I met Amy Joy at the all-girl barbecue. We sat under a purple canopy and cut out paper dolls. She wasn't looking for another part-time job but I needed ten hours of child care each week for my homeshooling kids. I asked her to come and visit the house, and she agreed to be our part-time nanny.
The children fell in love with Amy Joy. They played and laughed and went on excursions to educational destinations.
But then Amy Joy fell in love with Dishwasher Pete and ran away to Pittsburgh.
They mailed postcards from the East Coast and China, and then invited us to the wedding.
The bride wore a veil and the groom showed up with a high fever.
It was a beautiful, hot day, with light streaming through windows absorbing into the orange paint. Members of Submission Hold, The Curse, and The Dickel Brothers showed up along with various other punk and independent publishing luminaries. I sat with Chloe from Reading Frenzy and admired her beautiful brown-eyed boy.
I wish the new couple health, wealth, and fertility.
Untended fire is dangerous, deadly.
The fires in Colorado right now directly threaten both our good friends and also places we love.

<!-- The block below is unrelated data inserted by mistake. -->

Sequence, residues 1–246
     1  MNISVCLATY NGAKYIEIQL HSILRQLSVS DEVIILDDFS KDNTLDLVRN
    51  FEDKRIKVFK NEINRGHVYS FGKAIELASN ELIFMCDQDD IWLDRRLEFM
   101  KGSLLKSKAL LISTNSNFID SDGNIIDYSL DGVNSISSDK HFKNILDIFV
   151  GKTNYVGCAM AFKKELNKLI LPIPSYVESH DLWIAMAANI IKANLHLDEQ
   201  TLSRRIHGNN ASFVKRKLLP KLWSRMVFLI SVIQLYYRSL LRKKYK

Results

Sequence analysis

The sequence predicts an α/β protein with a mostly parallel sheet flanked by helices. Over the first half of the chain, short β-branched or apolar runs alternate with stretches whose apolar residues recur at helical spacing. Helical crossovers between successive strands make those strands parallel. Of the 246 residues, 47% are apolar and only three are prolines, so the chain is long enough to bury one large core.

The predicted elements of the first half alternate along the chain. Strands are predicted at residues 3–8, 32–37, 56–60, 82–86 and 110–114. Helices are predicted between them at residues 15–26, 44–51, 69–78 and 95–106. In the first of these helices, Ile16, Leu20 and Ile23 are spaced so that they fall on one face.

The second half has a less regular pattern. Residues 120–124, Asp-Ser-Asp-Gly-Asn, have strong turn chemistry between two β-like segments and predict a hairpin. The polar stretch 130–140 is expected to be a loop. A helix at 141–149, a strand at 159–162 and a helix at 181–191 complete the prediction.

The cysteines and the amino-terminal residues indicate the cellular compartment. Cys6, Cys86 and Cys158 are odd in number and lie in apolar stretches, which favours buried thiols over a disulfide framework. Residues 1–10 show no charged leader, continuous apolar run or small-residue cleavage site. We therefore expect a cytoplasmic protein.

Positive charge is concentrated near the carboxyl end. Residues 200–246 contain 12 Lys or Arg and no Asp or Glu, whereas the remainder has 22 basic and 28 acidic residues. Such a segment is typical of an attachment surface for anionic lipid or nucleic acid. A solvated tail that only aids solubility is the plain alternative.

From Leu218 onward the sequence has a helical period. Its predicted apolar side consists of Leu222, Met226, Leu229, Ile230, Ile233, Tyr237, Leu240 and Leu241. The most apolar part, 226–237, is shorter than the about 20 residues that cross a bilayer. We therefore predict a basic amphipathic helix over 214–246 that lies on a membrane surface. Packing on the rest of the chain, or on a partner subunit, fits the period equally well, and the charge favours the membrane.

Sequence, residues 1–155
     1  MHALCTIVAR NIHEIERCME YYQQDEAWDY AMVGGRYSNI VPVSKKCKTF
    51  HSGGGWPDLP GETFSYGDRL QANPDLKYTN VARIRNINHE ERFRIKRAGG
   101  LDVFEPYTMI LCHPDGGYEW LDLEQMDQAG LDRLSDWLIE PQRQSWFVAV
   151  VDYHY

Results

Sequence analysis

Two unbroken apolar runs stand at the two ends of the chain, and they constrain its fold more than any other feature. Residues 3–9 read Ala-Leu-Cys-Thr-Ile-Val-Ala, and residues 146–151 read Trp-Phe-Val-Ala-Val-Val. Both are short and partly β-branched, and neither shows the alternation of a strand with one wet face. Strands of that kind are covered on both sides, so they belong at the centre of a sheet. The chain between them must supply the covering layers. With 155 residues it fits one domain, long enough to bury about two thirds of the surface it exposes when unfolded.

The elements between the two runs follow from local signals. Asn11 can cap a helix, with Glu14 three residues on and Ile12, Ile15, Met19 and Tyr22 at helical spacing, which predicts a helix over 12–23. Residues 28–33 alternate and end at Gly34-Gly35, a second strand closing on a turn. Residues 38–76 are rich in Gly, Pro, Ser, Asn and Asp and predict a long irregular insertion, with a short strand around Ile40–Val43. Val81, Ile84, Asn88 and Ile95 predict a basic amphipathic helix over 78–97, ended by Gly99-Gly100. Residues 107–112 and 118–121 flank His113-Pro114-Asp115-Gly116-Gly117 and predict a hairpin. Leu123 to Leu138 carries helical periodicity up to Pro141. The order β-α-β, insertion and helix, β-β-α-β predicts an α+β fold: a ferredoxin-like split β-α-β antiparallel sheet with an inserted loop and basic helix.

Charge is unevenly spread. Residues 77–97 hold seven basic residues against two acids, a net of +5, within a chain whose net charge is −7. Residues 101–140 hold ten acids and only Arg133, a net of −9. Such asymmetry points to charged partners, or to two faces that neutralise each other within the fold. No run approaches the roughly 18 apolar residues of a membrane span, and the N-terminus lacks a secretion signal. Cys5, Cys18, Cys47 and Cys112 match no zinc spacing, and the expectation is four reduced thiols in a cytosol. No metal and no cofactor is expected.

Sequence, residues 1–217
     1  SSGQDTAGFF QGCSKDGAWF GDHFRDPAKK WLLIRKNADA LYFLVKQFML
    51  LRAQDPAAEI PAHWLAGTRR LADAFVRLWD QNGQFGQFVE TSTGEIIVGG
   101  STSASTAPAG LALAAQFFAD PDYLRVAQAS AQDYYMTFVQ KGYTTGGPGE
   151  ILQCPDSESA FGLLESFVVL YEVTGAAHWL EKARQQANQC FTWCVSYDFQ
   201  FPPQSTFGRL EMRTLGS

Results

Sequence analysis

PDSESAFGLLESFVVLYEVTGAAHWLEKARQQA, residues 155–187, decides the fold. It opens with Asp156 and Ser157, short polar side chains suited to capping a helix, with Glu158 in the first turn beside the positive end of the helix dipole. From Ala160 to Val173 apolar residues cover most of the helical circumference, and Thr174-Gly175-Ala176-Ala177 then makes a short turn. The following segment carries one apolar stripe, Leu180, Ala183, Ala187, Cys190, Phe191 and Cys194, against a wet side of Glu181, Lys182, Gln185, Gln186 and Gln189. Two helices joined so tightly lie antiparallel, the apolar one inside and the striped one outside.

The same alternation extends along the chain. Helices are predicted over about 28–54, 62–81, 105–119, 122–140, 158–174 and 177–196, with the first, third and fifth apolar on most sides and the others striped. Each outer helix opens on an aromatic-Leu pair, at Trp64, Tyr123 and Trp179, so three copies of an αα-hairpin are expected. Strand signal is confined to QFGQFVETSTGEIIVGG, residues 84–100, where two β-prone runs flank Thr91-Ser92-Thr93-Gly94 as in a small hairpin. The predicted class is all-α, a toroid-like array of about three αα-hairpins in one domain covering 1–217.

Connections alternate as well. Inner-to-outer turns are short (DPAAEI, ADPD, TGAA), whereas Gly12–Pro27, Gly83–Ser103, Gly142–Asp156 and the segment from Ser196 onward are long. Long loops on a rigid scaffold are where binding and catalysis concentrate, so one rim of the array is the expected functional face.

Gabriel reports that the Mountain house is out of danger at the moment. Byron's parents report that they can still breathe. Annapurna seems mildly annoyed by all the drama.
But we haven't been able to get news of Kamp Konah; normally we spend June and July in Colorado, much of that time in the mountains. We had planned a big trip with the clan, and Polly is driving out with her six kids tonight. I'm both glad and spooked by the fact that our plans changed for the first time in eight years. Colorado is not the place to be this week.
Tonight I'm going to dream of Kamp Konah, and hope that it survives another few decades.
My son wears blazers and bow ties almost every day. His blonde hair is shaggy and long because his hairdresser has been on vacation; he prefers to wait until the man is back to get a haircut.